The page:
Dickens is all the rage in London this Christmas, from the return of David Edgar’s two-part adaptation of Nicholas Nickleby at the Gielgud to A Christmas Carol, relocated to a South African goldmine, at the Young Vic, but this 1985 Broadway musical version of The Mystery of Edwin Drood offers a wittily appealing music hall treatment of something altogether rarer: his final, uncompleted work which it conscripts the audience into trying to resolve.
That brings it partly into the realm of panto, amplified too by the principal boy being played by a woman, with the audience voting on the fate of Drood and in turn for possible candidates for his murderer - as well as a happy ending for two possible lovers to be united.
With just one writer, Rupert Holmes, taking on the rare triple duty of providing the book, music and lyrics, it provides a jauntily melodic Americanised view of traditional English forms. Even if the tone is too relentlessly upbeat to ever allow us to invest in any of the character’s plights or motivations, Ted Craig’s production makes it bounce along effortlessly enough to carry the day and the play.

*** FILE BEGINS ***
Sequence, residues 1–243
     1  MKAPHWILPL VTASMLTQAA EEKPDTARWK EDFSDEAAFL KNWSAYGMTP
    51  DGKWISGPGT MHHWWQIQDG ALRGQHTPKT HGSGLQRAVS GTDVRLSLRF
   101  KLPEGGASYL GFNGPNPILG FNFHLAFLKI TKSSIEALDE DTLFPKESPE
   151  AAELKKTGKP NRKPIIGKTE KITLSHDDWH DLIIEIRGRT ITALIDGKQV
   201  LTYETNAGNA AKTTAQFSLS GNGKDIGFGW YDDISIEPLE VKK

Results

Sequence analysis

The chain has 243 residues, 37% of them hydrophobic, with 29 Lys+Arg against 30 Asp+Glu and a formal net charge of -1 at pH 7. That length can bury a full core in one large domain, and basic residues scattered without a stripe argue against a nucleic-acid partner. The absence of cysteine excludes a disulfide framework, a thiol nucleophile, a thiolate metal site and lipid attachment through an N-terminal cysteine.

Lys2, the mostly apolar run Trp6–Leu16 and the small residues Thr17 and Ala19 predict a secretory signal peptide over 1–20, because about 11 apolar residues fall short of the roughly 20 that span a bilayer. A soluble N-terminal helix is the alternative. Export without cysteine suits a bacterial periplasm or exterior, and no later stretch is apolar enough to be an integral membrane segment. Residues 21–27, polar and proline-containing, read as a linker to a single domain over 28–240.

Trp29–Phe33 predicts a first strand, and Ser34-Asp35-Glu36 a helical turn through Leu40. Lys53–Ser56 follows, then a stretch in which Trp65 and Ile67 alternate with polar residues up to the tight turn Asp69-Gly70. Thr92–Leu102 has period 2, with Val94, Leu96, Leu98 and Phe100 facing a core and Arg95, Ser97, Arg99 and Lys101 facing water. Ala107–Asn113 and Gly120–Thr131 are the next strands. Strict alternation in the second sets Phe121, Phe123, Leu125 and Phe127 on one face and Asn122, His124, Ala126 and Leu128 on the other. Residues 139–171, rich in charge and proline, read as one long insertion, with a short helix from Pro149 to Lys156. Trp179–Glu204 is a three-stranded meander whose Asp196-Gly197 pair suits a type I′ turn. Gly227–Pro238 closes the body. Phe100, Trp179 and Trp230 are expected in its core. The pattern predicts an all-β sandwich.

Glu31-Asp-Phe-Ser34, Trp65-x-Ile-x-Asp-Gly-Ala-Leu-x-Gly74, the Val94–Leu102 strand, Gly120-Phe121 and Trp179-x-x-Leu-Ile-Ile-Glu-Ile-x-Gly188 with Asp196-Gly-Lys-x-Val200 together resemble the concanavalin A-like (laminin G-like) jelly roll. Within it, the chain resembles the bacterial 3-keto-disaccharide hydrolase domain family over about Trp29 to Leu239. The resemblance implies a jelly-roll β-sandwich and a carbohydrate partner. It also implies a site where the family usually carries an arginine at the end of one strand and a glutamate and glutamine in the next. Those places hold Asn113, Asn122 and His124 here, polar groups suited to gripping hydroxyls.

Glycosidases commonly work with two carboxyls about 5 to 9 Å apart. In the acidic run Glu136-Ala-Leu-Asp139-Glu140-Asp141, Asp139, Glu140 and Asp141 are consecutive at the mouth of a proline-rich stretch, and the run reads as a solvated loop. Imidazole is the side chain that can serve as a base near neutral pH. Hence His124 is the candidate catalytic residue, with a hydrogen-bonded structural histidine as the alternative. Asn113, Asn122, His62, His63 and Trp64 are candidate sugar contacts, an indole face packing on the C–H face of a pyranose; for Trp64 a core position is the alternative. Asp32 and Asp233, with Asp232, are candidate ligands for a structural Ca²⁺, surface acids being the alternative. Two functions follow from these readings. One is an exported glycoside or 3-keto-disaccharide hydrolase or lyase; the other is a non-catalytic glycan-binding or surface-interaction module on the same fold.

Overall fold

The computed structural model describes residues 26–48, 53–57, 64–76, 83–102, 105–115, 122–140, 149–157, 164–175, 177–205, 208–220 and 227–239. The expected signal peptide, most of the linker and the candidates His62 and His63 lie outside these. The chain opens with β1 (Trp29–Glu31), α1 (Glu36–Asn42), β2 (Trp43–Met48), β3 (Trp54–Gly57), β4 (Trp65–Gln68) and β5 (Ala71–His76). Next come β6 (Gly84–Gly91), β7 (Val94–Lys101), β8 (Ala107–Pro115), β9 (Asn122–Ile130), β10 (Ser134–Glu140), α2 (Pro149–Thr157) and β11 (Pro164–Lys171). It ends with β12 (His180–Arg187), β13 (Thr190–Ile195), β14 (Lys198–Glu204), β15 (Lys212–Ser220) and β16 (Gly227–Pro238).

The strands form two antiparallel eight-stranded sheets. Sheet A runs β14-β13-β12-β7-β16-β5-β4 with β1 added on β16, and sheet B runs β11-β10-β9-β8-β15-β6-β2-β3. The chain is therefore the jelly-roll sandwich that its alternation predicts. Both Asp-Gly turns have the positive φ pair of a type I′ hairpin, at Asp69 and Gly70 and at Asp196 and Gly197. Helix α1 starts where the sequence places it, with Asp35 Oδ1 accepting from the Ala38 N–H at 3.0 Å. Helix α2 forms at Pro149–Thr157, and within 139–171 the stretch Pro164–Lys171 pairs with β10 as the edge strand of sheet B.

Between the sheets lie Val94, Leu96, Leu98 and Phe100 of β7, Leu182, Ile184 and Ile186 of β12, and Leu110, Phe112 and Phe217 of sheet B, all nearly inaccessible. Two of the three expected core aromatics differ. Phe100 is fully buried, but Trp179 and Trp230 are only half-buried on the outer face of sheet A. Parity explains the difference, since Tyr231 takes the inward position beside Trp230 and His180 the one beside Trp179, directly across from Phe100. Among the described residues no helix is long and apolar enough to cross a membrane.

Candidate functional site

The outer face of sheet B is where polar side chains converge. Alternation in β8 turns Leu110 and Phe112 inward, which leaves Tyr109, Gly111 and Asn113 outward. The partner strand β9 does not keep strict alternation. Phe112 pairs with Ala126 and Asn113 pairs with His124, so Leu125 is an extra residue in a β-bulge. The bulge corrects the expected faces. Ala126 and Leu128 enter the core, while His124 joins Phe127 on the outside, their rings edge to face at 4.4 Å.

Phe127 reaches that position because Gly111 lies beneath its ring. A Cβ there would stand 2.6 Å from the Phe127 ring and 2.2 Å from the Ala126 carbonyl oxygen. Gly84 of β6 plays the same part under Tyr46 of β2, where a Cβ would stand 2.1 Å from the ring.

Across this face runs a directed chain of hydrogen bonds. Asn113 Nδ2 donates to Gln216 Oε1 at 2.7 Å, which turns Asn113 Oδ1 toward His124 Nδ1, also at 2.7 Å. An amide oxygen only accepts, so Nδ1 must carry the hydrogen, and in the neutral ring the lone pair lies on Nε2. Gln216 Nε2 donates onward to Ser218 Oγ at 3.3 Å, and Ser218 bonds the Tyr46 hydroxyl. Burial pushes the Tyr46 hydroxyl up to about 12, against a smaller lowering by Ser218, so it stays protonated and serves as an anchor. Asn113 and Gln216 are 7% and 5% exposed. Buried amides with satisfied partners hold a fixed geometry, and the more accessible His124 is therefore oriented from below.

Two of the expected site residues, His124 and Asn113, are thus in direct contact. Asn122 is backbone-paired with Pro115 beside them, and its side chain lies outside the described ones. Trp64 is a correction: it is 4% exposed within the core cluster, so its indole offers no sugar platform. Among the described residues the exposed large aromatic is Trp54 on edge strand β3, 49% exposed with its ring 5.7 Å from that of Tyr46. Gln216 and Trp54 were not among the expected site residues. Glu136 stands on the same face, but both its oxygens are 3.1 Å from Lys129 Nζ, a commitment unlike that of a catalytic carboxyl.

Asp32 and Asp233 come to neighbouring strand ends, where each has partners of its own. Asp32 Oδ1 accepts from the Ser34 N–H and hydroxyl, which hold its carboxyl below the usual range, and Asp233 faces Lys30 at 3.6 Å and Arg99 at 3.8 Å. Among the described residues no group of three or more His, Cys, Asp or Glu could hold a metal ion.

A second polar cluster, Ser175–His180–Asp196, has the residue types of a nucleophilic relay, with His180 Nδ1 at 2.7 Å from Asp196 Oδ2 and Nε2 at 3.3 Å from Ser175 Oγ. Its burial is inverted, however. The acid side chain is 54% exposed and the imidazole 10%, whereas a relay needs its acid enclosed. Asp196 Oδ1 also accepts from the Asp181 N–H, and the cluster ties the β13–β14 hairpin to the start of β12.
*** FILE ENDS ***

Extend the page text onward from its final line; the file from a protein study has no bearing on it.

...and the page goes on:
It is much aided by Cleo Pettitt’s atmospheric set that instantly turns the Warehouse into the Music Hall Royale with a cut-out representation of Cloisterham High Street brilliantly created behind the prosc arch. Stefan Bednarcyzk presides, sometimes hesitatingly, over the proceedings as the Chairman, but more confidently also doubles as both the Reverend Crisparkle and the evening’s musical director.
The show, a fast flop when it first came to the Savoy Theatre in 1987, is already booked for a longer run in Croydon than it ever had in the West End, and deserves to thrive there for the resourceful and intimacy it creates.